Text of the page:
Very true and as I am sure you are aware, the South constituted considerably less than half the Union of States and even less by population, and considerably less than half was furned to the ground(which the North could have done, if that was what it wanted to do.
 

Potomac Pride

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While it is true that Lincoln and most Americans were far more motivated by preserving the Union, it is unrealistic to claim that all agreed with that prioritizing. Most prominent Abolitionists expressed surprise that the opportunity to free the slaves came in their lifetime. But certainly, some immediately recognized the opportunity presented by the ill-conceived rebellion.
Conversely, the secessionists clearly "went to war" to preserve slavery.

If the south only wanted to preserve slavery, they could have stayed in the Union and ratified the Corwin Amendment which protected slavery in the states from federal intervention. The south went to war to achieve independence from the Union as a result of the sectional animosity that existed. One of the reasons for the animosity was the slavery issue. However, the North and South had divergent economies as a result of the agrarian based economy of the south and the industrial development of the North. Furthermore, the political upheaval that resulted due to the rise of the Republican Party was another source of sectional animosity. The Republican Party was a novice party that represented the interests of the northern states. The south realized their political power was decreasing as a result of the rise of the Republican party and the increasing population of the northern states. They realized the North would dominate politics on a national level in the future.
 

unionblue

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How exactly did secession 'expand' slavery?

Most of the efforts to expand slavery come from the period before the Civil War. The Missouri Compromise, the Wilmont Priviso, Fillibuster expeditions to South American countries with the intent of creating a slave empire, Dred Scott, and the Lemmon case. But the primary cause of the war was the fear that slavery would be restricted and then led to ultimate extinction if it could not expand beyond the borders of the then slaveholding South.

Weren't the Western territories part of the USA?

Indeed, but trhe South insisted that slavery had a right to expand into those federal territories while Lincoln and the Republican party campaigned to keep them free of slavery.

So, by leaving the Union the CSA limited itself in scope did it not?

It thought it could win it's rebellion and expand even more, into Cuba, into Mexico and South American, even into any Western territories it could win by conquest during the Civil War.

In it's imagination, the slaveholders had a dream of a Golden Circle of slave states starting in the southern US and sweeping South into South America.

They paid for their dreams in the harsh reality of civil war.

Unionblue
 

unionblue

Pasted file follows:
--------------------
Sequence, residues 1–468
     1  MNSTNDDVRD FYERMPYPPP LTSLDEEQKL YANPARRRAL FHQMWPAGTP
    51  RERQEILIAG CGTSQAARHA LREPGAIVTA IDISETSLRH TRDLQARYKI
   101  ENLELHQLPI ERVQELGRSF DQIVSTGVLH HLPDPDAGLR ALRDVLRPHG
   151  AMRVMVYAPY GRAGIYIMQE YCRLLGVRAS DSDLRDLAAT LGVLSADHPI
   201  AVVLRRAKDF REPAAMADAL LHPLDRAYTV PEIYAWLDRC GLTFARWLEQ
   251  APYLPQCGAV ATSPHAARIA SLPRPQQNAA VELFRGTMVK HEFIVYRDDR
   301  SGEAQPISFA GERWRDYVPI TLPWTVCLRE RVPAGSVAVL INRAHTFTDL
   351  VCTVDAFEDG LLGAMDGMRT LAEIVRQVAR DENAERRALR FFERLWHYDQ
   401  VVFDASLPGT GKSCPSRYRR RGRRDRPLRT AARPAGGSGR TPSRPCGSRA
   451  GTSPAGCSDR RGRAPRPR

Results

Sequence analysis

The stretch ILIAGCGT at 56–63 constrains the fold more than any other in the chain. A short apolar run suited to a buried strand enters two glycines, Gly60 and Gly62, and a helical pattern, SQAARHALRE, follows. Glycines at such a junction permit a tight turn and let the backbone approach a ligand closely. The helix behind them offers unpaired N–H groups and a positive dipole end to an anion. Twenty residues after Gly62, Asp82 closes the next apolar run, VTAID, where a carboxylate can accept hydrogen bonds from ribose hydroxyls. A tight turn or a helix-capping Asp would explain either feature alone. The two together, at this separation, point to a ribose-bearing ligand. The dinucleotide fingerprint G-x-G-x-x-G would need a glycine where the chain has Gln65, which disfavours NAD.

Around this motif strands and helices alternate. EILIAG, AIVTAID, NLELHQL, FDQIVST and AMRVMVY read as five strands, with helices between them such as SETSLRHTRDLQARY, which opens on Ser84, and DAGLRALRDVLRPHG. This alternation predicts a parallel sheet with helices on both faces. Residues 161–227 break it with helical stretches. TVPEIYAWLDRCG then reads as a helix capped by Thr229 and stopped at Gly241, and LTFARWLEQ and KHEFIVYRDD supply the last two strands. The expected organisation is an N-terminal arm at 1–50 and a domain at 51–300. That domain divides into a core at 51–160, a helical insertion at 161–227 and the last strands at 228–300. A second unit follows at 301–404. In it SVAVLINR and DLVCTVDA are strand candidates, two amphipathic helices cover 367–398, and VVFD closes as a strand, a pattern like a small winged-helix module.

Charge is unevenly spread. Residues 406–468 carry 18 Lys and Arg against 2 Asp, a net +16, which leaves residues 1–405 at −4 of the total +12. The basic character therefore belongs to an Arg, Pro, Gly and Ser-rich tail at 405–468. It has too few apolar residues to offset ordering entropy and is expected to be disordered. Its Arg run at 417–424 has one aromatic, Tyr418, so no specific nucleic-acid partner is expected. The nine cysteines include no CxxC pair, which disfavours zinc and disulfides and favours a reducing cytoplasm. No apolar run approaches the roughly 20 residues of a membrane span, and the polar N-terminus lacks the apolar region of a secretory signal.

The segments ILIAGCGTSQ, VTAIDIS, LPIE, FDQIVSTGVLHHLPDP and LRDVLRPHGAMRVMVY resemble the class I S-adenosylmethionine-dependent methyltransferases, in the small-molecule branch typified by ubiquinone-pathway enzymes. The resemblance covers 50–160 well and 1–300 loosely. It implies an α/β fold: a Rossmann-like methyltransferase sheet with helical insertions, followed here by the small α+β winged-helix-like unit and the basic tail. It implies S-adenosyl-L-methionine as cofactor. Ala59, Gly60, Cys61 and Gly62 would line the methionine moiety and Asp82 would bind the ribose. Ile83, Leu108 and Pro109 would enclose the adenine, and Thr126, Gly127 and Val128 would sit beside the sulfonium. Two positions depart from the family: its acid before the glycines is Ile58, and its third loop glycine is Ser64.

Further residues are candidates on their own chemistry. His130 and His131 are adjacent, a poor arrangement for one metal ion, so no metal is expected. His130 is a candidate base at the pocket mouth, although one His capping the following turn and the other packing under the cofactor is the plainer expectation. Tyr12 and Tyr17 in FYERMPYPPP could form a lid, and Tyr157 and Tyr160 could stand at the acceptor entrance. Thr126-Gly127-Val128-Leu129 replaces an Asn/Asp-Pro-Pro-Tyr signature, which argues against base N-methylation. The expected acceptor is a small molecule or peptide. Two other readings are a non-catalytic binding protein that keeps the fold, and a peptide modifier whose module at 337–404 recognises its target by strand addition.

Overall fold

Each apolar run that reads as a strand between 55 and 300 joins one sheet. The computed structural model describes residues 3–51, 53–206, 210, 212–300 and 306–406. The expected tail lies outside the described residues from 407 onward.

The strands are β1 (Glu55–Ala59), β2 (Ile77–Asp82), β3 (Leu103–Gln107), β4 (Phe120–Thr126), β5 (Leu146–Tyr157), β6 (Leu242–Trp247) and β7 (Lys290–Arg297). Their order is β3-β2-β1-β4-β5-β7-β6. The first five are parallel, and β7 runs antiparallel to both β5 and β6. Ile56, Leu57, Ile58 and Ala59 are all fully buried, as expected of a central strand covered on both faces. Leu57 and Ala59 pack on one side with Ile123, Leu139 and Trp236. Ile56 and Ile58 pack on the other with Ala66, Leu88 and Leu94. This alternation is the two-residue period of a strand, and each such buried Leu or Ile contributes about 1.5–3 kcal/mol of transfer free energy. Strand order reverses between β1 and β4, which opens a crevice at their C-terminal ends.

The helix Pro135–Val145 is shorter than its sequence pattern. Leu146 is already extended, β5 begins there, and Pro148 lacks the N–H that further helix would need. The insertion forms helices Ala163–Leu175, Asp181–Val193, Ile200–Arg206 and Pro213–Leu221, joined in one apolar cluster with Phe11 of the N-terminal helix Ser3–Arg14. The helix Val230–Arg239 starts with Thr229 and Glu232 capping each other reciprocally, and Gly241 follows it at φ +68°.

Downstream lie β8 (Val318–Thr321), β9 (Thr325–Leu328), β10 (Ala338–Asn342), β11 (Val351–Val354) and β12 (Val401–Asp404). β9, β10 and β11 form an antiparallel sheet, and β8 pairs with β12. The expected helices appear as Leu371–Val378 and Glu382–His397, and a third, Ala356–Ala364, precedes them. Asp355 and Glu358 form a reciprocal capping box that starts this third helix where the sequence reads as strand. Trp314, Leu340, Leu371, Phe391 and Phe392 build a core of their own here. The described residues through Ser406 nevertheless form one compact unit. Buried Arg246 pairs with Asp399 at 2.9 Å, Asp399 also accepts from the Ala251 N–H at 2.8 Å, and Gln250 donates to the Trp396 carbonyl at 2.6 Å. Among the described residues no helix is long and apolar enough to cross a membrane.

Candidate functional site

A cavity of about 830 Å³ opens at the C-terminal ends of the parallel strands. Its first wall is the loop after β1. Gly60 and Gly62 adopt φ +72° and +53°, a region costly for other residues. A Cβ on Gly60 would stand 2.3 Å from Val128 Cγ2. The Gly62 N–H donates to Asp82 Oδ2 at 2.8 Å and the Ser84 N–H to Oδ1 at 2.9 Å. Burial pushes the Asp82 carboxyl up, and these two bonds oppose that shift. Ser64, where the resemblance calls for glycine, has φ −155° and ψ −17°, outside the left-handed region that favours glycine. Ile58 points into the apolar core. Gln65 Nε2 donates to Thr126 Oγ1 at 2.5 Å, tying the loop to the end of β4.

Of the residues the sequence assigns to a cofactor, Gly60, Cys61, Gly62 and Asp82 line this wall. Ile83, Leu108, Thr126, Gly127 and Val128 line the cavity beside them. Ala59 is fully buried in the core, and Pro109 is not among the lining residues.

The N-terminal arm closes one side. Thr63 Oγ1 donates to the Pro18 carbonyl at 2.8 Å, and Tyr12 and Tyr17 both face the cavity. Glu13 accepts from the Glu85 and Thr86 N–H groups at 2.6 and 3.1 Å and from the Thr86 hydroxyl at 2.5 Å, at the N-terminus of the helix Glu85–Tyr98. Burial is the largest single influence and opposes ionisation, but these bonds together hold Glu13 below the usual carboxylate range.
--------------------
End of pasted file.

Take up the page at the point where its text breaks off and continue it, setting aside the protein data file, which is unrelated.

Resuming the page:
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If the south only wanted to preserve slavery, they could have stayed in the Union and ratified the Corwin Amendment which protected slavery in the states from federal intervention.

Yet they turned this proposition down because it only protected slavery where it already existed and did not give confidence that it could expand freely and without opposition.

The south went to war to achieve independence from the Union as a result of the sectional animosity that existed.

Primarily over the one issue that was center stage for the entire nation for decades, slavery.

One of the reasons for the animosity was the slavery issue.

The issue, not just "one of the reasons."

However, the North and South had divergent economies as a result of the agrarian based economy of the south and the industrial development of the North.

This has been far overplayed in my own opinion, as the North had just as much of an agrarian economy as the South. The differences in the economies are much more basic. Slave labor vs. free labor.

Furthermore, the political upheaval that resulted due to the rise of the Republican Party was another source of sectional animosity. The Republican Party was a novice party that represented the interests of the northern states. The south realized their political power was decreasing as a result of the rise of the Republican party and the increasing population of the northern states. They realized the North would dominate politics on a national level in the future.

Threatening nearly 70 years of Slave Power rule in previous Southern dominated federal government and presidential administrations. The political playing field was being leveled and the slave-based 3/5ths rule was beginning to lose ground. The majority of the United States was finally going to be heard over the objections of a slave-based minority.

Unionblue
 

unionblue

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Seems we have strayed a bit from the main topic of this thread, "why argue about the constitutionality of secession?"

Indeed, why do we argue about it? To me, it's like trying to quarterback a past game of football. "If only they had called this play," or "they should have ran the ball instead of throwing an interception!" No matter how many complaints or "what if" situations are brought forth, it doesn't change the final score.

But, I do enjoy the sources presented, the evidence shown, and the opinions shared. The learning that happens on such threads is invaluable to me. The research and exploring of sources and historical documents is always interesting, even some time surprising.

But I always seem to come back to the central idea, for me, is that secession, unilateral secession, was not settled in a court of law, or before the Supreme Court, or even by constitutional means.